From: Borgerding, Mark A. (MarkAB_at_[hidden])
Date: 2000-03-10 15:51:24
I had an idea today for a way to more easily write portable networking code.
The concept is a wrapper around an integer type that automatically convert
to/from the desired byte order.
The class has no virtual functions and is the same size as the contained
type. i.e. sizeof( big_endian<int> == sizeof(int) )
The rationale behind this is to make it easy to write something like
big_endian<uint16> crc; // 2 bytes, in network byte order
big_endian<uint16> packetlength;// 2 bytes, in network byte order
big_endian<uint32> sequenceNum;// 4 bytes, in network byte order
This way the integer type could be stored in the appropriate binary form,
without needing to worry about ntoh and hton conversions. An entire
ProtocolHeader struct object could be written to disk, socket, or whatever
without needing to perform any byte order conversions.
The implementation is really simple. The only operation allowed for
big_endian<T> is conversion to a const T. If this is done, everything seems
to fall into place nicely. It allows most things you could do with a builtin
type, except for non-const operators like --,++,+=,-=, and so on.
Assignment is easy because a temporary object is constructed from the
primitive type to use the implicit assignment operator.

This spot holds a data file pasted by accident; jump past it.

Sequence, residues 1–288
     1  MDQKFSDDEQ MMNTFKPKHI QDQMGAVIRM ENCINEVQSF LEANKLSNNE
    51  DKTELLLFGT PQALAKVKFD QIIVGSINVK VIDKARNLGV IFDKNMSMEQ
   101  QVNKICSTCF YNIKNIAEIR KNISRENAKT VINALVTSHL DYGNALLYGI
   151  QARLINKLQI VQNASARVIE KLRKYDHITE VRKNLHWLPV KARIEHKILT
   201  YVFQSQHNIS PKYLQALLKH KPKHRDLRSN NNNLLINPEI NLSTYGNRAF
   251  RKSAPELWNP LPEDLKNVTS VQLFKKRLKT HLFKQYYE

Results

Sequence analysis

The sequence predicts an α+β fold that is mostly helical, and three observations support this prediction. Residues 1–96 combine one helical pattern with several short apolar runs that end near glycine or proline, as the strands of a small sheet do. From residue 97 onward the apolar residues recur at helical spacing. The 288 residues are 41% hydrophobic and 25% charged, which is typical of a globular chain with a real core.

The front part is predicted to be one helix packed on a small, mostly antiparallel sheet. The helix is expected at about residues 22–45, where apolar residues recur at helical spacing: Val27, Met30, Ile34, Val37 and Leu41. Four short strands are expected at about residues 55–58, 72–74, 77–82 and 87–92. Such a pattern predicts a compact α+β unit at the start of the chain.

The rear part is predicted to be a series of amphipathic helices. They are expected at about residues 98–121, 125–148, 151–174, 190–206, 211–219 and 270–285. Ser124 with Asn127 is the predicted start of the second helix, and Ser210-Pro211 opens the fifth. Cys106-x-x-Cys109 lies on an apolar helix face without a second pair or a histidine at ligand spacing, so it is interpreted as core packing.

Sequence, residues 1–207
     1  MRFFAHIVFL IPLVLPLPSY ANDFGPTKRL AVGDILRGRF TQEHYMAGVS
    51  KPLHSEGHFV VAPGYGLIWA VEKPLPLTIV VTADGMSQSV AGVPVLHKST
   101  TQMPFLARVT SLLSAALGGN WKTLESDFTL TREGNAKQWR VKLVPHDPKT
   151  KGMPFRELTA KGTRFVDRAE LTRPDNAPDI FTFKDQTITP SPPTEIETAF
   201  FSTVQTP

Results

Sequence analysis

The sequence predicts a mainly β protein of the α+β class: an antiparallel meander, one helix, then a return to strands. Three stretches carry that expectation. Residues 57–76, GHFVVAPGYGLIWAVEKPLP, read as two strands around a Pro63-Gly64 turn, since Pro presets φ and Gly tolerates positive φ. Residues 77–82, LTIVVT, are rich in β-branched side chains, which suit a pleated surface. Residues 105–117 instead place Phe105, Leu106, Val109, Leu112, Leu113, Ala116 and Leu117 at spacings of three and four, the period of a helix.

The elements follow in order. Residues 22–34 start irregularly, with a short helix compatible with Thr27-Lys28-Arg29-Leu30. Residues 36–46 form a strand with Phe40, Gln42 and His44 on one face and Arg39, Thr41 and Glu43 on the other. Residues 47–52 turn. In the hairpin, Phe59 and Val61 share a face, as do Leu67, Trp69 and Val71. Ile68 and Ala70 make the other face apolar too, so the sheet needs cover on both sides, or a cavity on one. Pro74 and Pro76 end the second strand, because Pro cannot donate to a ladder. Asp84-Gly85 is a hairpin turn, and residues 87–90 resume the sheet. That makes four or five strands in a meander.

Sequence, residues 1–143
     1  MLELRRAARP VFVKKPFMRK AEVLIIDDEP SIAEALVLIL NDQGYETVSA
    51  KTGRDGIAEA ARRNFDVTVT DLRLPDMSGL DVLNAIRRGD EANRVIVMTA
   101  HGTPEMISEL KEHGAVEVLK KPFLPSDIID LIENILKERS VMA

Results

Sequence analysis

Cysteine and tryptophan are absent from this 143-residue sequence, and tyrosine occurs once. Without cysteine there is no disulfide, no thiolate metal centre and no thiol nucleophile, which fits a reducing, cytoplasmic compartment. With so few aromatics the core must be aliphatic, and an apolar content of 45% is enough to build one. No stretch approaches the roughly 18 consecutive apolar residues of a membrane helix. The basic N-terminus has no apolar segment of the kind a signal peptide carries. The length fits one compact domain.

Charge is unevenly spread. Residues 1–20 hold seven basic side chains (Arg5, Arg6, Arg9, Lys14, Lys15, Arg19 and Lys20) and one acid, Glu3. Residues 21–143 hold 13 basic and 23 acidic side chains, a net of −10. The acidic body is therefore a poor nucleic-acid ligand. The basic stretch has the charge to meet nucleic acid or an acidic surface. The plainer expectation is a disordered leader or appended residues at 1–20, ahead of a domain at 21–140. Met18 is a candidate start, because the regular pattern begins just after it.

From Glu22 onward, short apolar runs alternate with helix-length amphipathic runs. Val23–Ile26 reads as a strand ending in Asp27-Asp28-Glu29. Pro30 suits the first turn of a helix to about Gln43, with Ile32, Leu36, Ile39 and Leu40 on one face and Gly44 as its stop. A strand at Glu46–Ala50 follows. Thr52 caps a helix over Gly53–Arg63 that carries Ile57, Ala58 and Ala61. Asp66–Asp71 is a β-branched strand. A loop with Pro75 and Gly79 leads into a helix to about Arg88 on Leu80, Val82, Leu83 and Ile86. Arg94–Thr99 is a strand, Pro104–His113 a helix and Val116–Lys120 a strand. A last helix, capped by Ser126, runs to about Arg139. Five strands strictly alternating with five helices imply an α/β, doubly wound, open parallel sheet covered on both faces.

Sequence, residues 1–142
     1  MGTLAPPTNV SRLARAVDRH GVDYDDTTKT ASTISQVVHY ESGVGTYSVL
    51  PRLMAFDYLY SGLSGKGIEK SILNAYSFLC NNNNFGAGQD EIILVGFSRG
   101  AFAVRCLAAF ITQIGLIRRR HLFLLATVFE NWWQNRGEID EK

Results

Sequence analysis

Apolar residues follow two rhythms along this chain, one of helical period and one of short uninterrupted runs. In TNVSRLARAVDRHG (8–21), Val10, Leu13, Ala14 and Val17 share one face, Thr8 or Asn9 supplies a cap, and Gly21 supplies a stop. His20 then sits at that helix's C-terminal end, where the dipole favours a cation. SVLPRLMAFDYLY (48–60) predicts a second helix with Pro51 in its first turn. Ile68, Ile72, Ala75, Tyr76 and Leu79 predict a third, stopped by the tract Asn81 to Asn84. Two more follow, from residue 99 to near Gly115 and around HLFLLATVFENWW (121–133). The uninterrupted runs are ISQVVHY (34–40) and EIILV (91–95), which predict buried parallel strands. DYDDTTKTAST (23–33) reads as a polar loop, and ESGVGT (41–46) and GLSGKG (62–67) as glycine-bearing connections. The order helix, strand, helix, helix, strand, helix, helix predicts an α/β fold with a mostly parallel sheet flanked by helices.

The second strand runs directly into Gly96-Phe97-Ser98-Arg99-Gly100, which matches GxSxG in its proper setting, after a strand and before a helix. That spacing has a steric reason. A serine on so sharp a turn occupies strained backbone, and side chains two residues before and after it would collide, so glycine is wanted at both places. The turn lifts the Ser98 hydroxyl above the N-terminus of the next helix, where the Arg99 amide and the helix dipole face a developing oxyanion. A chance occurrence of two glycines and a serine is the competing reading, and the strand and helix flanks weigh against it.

It allows you to treat the object almost exactly like the corresponding
big_endian<uint32> nbo = 5;
nbo = nbo * 2;
What is actually happening in the above example (for an x86 machine) is:
line 1: nbo is constructed with a buffer of 0x05000000 (remember, it's
little endian), the value stored in nbo is 0x00000005 (big endian)
line 2: big_endian<uint32>::operator const uint32() is called which converts
the stored member back to little endian, the result is multiplied by two and
then a temporary big_endian<uint32> is constructed and assigned into nbo
(via implicitly declared assignment op).
I was worried about the cost of unnecessarily converting back and forth
between byte orders. But the preliminary tests I've done show no
appreciable difference between doing operations with a big_endian<unsigned
int> or an unsigned int directly. The test file is attached.
endian.hpp -- The implementation of the big_endian and little_endian
byteorder.cpp -- The test file.
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